5 most dangerous mistakes in English

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Posts105Likes22Joined5/9/2018Locationlahore / PK

Very helpful for those learning English language to avoid the most dangerous mistakes...



(edited - please use youtube button when posting youtube videos)

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#1
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Posts436Likes220Joined4/9/2018LocationCaracas / VE
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Spanish
Learning German, Italian
Other English

I do the "that/who" mistake, every human being is a thing to me :(... I will correct it, I wasn't aware of it. Thank you!

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#2
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Posts9Likes9Joined15/9/2018Location
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Spanish
Learning English

its/ it is, I thought they were the same lol. Very helpful video!

-Ari-

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#3
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Posts105Likes22Joined5/9/2018Locationlahore / PK

no they are not. Thanks :)

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#4
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Posts105Likes22Joined5/9/2018Locationlahore / PK

lolz be careful you use them next time :)

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#5
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Posts105Likes22Joined5/9/2018Locationlahore / PK

i and me was most confusing for me before :)

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#6
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Posts436Likes220Joined4/9/2018LocationCaracas / VE
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Learning German, Italian
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imran.khalil0000 wrote:

lolz be careful you use them next time :)


I will! 

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#7
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Posts50Likes43Joined3/9/2018LocationManila / PH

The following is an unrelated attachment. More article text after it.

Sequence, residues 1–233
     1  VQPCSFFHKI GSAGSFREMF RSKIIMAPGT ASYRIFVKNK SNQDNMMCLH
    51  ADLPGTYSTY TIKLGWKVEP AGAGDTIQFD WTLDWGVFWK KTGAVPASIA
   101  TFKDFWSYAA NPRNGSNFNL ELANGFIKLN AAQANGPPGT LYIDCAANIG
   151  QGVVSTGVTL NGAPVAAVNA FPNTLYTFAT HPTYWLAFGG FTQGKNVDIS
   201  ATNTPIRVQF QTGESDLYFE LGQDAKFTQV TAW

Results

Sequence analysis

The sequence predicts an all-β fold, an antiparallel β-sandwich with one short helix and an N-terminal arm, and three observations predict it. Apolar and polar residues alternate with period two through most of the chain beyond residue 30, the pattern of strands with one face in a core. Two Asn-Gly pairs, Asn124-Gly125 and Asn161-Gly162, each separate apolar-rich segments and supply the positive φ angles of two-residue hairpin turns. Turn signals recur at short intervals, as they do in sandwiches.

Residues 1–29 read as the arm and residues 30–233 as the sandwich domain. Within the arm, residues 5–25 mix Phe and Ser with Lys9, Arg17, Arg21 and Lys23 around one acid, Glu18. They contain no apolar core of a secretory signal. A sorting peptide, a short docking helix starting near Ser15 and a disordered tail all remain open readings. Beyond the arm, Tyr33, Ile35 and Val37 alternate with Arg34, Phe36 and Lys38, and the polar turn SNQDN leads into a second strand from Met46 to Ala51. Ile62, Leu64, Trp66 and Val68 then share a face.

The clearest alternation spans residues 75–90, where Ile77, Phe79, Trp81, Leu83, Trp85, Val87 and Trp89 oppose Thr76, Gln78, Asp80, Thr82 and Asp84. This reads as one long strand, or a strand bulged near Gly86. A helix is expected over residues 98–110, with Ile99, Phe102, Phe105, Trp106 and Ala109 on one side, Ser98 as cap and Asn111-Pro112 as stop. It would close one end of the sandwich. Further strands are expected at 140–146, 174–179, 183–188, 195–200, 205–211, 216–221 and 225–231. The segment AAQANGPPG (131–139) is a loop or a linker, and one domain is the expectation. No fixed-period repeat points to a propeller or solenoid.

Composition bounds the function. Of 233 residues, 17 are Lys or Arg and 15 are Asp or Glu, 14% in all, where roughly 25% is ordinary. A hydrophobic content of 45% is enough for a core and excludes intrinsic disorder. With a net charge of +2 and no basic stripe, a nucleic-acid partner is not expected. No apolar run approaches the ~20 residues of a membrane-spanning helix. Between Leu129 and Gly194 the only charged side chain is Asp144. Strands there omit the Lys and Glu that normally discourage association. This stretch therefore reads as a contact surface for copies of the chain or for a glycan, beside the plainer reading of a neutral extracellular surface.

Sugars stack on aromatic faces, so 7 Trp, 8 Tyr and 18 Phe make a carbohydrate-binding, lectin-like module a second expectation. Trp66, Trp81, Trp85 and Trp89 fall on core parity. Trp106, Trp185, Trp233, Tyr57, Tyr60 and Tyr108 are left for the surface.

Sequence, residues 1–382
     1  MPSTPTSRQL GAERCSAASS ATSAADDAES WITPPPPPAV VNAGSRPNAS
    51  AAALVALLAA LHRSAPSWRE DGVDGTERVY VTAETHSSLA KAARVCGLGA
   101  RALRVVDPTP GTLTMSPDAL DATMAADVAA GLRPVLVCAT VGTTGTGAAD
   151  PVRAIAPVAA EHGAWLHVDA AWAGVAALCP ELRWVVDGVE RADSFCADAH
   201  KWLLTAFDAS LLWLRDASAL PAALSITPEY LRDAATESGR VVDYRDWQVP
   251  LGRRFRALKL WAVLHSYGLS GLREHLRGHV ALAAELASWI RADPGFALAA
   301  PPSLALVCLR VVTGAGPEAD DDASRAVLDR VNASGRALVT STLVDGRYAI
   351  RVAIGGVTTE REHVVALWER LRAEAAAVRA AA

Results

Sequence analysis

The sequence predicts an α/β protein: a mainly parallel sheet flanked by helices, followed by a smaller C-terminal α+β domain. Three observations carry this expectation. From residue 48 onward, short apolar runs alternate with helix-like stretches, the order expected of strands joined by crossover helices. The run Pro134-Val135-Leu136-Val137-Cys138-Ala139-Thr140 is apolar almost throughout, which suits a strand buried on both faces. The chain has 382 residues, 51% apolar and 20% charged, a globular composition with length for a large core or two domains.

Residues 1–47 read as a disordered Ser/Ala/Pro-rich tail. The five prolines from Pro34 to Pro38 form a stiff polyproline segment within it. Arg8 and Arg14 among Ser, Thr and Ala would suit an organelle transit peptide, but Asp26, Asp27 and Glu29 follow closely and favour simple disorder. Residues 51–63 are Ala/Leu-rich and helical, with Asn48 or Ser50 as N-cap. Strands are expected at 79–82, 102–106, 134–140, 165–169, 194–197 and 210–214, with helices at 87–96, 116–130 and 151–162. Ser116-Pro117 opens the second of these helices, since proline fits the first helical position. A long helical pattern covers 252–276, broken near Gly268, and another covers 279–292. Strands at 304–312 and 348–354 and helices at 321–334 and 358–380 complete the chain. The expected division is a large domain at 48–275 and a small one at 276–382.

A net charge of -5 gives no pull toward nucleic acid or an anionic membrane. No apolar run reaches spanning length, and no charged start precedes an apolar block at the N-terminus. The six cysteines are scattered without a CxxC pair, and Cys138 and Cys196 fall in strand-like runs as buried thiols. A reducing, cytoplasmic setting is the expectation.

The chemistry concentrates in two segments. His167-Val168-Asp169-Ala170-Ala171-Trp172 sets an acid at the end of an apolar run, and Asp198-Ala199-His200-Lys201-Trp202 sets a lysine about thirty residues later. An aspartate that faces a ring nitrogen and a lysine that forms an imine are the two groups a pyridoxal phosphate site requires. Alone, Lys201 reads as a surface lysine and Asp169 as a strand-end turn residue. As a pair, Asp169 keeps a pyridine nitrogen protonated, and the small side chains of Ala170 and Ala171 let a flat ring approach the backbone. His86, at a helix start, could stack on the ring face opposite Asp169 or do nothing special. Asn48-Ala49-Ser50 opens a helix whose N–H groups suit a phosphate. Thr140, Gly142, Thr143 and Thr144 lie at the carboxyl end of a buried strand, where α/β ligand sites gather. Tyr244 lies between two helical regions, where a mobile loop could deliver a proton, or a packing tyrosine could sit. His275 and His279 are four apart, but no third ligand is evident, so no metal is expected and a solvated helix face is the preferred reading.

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English, Tagalog
Other French, Spanish

I see a lot of there vs their, than vs then

Aleks

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#8
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Posts270Likes101Joined15/9/2018LocationSkopje / MK
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Macedonian
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One of the biggest mistakes people do is the use of (or actually, lack of use) Whom/Whomever. 


At this point so many people fail to use these words that it sounds as a mistake whenever someone uses the correct form.


"Should've vs Should of" is another one that too many people seem to have problems with even though it's too simple in my opinion. 

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#9
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Posts927Likes581Joined18/3/2018LocationBellingham / US
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English
Learning Chinese - Mandarin, French, Japanese, Korean, Russian, Spanish, Swahili, Tagalog, Thai

I have a bit of a pet peeve. I wish these video-makers would choose between typing mistakes and speaking mistakes. This video is about 2 spoken mistakes and 3 typing mistakes. Why mix them? It seems strange. I'd actually prefer to see more videos on spoken mistakes only, since conversation is the skill that most language learners rank as number 1. 

I'm reading the Malazan Book of the Fallen.